Edward Bell, the new president and managing partner of the embattled Charleston School of Law, made it clear that he’s not afraid to answer tough questions about the school’s future.
During his first address to students since his induction in October, Bell announced his phone number to the auditorium full of listeners and instructed them to text him their questions. Within seconds, he received 178 messages from students uncertain about their futures. Questions ranged from requests for career advice to “When will the school be healthy again?” and Bell vows to answer them all.
In response to a student who asked about not being able to find a employment after graduating, Bell said, “We’re going to help you find a job. You can’t find a job, you call me. … You should know when you come to this law school, you can find a job. I will get on the phone. I will talk to people. If you’ve done a good job in your classwork and you have got skills, you’ll get a job. One day, and it won’t be long in the near future, if you go to the Charleston School of Law, they will be begging you to come work for them. This is going to be the top-tiered school in this area.”
Discussing how he plans to improve the school, Bell announced that he has received calls from two local developers who want to construct a new permanent campus for the school. He said that both possible campus locations are downtown near the school’s current facilities, and he will begin touring the sites this week. One key factor for acquiring a new campus will be the school receiving nonprofit status and raising the necessary funds for construction.
“We can’t build a law school if we’re a for-profit. We can’t do it. We’ve got to raise money,” says Bell. “We’ve got to raise an estimated $50 to $80 million to build this law school. We can do it if we’re a nonprofit.”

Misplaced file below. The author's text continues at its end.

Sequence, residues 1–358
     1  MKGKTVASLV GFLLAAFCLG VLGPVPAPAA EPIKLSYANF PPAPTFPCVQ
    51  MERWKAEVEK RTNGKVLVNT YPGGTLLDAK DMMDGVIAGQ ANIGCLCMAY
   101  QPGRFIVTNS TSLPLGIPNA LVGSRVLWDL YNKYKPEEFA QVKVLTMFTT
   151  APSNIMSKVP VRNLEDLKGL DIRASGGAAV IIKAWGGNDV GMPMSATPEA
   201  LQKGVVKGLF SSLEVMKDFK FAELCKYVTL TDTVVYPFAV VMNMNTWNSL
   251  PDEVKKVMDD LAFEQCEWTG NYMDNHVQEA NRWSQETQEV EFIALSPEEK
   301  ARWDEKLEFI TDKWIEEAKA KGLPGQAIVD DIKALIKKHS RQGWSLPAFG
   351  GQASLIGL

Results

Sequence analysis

According to Bell, he would like for the new campus to house a court of general jurisdiction where students can participate in actual trials and generate real-world experience that will help them in the job market.
“Can you imagine as a law student that you could actually try a real case with a real jury, with a real judge, and you’ve got to sit there and wait on that jury to come back and you get a real result?” says Bell of the in-campus courtroom, which would be open to both students and new alumni. “Can you imagine what an employer would say?”
In addition to the possibility of a new campus, Bell announced that the School of Law will begin offering first-semester classes in January for new students in hopes of boosting enrollment. He also fielded questions about former tenured professors whose contracts were not renewed. Several of those professors have filed lawsuits against two of the school’s owners, Robert S. Carr and George C. Kosko, for allegedly making fraudulent claims regarding the school’s financial troubles when terminating faculty. The former members of faculty claim that they lost their jobs for opposing the sale of the school to InfiLaw System, a company that runs a national for-profit system of law schools.
“It hurts me to know what happened. I know inside what the outcome should be, and I’m asking my question, ‘How can we make that happen?’” says Bell of the professors’ firings. “I’m meeting today with our lawyers to find out what in the world they are doing, and that’s all I need to say.”
Following questions about the fate of the tenured professors, one student asked where Carr and Kosko fit into the plans for the school’s future. Bell says that the two are interested in severing ties, but they cannot divest themselves totally until the decision is approved by the Bar Association.
“Sometimes people do the right things for the wrong reasons and sometimes they do the wrong things for the wrong reasons. It was a bad move,” Bell says of the decision to sell the school. He is currently negotiating with InfiLaw to settle the school’s debt.
While Bell may face an uphill battle when it comes to reviving the school, he has clearly made an impression on the students who have decided to stay. Closing out the question portion of the address, one student took the opportunity to thank Bell for his efforts in keeping the school afloat.
“Let’s go forward,” Bell said in closing. “You have all been given what I call a ministry to complete and let’s go complete it. Let’s go further. Let’s put our lives into this thing.”
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